Well, the same goes for there being no such thing as a slow day because there is 24 hours in a day for better or worse.

But today feels impeccably slow. I just want Monday to come, but that brings a whole slew of other issues.

One: I’m closer to having my lone time without partaking in forbidden activities like walking, depleted for about 10 days.
Two: The ultimate truth of how much progress or lack thereof I have made in recovery will be revealed.

That said, there is a flip side that sidelines positivity and instead focuses on reality, just as with time always being defined by a certain number.
I’ll be closer to having the anxiety end and having the time pass until the new year when everyone returns to work.
No matter what happens in the doctor’s appointment, it won’t change the fact that this will be how much I weigh and how well my organs function, even if I had not gone to see the doctor. I can’t change nor do I have control over it, so expending any energy on it is to no avail.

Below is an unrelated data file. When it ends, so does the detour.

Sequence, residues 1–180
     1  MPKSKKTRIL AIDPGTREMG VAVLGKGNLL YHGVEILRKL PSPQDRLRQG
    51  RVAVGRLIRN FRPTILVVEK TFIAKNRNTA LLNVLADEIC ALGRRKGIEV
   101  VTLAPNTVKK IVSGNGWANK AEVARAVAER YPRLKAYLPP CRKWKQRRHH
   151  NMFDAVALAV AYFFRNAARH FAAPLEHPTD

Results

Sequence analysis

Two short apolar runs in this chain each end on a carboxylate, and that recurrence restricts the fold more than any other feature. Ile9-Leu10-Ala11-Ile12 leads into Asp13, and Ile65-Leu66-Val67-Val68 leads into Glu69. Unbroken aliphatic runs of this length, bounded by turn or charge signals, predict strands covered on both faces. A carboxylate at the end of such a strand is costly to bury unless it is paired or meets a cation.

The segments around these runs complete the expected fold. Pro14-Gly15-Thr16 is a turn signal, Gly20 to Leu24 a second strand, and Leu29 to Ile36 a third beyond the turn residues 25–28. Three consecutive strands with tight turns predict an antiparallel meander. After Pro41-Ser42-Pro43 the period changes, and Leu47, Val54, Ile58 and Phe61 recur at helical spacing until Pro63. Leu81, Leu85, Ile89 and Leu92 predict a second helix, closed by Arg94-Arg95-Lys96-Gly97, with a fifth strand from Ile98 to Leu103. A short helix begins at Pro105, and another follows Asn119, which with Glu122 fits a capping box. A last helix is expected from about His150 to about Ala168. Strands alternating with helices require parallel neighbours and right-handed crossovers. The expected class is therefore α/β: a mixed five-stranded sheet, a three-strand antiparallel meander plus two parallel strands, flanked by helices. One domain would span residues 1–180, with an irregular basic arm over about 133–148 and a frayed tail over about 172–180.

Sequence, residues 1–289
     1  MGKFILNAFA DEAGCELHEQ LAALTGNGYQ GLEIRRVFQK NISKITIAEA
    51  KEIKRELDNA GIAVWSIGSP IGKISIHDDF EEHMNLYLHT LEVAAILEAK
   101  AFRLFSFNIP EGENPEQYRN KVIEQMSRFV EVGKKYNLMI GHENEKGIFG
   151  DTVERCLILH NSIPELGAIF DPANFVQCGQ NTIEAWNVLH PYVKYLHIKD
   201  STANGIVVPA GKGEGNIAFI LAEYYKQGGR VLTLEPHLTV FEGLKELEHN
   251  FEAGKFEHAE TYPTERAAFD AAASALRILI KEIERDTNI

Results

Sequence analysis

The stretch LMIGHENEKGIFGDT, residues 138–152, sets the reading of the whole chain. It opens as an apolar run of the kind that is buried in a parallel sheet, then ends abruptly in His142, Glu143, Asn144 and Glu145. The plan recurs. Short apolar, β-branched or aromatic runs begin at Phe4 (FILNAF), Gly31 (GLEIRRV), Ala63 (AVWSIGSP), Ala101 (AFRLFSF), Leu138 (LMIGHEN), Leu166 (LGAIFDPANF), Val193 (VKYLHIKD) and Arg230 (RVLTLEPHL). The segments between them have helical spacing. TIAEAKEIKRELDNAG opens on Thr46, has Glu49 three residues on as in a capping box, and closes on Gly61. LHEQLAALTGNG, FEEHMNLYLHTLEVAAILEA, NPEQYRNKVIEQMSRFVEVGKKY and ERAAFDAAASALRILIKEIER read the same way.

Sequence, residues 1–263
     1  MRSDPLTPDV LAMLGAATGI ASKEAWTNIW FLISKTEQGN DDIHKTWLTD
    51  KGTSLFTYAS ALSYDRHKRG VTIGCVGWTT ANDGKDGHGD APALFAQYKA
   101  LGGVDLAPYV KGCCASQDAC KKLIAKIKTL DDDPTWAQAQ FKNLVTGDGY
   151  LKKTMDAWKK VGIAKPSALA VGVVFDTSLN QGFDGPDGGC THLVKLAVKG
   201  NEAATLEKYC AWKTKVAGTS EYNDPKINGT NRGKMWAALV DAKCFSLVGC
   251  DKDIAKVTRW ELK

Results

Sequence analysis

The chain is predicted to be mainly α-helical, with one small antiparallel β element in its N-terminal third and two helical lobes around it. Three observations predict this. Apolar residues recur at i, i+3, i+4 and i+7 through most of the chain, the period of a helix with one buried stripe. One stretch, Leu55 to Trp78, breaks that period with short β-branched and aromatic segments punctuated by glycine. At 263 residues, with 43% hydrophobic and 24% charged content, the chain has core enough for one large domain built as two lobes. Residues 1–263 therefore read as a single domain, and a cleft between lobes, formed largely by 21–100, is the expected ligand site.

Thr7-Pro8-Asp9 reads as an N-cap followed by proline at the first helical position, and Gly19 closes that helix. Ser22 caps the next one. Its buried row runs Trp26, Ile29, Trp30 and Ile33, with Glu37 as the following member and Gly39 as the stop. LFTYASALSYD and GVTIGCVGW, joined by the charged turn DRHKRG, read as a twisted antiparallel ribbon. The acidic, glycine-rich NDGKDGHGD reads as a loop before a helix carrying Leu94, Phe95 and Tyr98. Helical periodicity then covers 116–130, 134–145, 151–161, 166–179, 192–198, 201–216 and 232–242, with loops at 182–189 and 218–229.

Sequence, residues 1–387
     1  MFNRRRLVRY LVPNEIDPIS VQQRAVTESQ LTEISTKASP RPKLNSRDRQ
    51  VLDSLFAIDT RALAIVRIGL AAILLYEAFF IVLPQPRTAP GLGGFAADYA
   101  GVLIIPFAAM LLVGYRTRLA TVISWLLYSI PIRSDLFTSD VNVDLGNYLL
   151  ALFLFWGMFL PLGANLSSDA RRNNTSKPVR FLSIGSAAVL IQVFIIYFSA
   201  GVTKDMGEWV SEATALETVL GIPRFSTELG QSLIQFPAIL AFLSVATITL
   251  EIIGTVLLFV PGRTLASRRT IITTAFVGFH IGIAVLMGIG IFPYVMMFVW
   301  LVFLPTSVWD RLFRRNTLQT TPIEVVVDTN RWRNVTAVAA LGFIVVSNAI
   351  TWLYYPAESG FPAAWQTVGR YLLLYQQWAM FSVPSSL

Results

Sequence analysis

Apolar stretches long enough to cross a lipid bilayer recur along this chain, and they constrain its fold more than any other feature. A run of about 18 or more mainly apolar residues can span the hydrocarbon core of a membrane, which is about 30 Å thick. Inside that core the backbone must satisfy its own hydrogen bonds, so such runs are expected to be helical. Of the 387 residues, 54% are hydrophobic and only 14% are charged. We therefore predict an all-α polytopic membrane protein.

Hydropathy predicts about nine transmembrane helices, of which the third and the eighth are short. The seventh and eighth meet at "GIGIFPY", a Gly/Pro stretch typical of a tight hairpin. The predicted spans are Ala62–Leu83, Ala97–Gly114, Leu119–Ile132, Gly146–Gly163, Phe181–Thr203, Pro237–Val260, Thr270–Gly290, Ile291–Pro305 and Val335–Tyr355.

Just like I cannot change my parents. They will eat or not eat, take off from work or not, and exercise whether or not I like it. Allow this to resonate. Let this slowly sedate your anxiety until it passes. Let this newfound space conquer and fill it with all your hunger, desires, wants and needs.

The snow had stopped. The freezing rain too. The temperature has increased by a few degrees, but the damage is done. Sheets of white still cover rooftops and streets still promise to buckle underneath pockets of ice.

But time will pass. The more adventurous or rather, impatient citizenry have begun to drive. I can hear the soundtrack of crackling snow underneath tires. They are helping to clear the path for those who deem it impossible to exit the confines of their house. Insert my family here.

If only I lived in Manhattan, or on my own, I would have been layered up and out the door hours ago.
If only I lived elsewhere, I would not be prone to comparing: cataloging every meal consumed, or not, by my parents, calculating their every calorie, cringing at their every cardio and sculpt exercise.

Time will pass. Tomorrow the brother will have left before sunrise, the temperature will have increased by twenty degrees and the rain will pour, effectively wiping out remnants of Saturday’s snow. If only the rain could wash away the emotional detritus.
Emotions aren’t solidified concepts. They’re meant to be embraced, could be ignored, but in no way house the truth. And so with time, we’ll be spared of the emotions from now and retrieve a new set. Seasons Tidings.